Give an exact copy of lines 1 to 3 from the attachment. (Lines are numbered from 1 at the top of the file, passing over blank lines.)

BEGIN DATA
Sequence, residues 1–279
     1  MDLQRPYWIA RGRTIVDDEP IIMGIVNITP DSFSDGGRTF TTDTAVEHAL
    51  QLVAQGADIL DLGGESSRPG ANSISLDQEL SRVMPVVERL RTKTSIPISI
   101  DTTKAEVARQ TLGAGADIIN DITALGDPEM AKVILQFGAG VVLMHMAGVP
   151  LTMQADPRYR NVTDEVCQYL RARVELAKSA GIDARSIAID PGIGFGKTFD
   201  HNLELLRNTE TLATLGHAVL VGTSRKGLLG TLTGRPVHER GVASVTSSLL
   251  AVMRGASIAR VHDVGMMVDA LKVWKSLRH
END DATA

Sequence, residues 1–279
     1  MDLQRPYWIA RGRTIVDDEP IIMGIVNITP DSFSDGGRTF TTDTAVEHAL
    51  QLVAQGADIL DLGGESSRPG ANSISLDQEL SRVMPVVERL RTKTSIPISI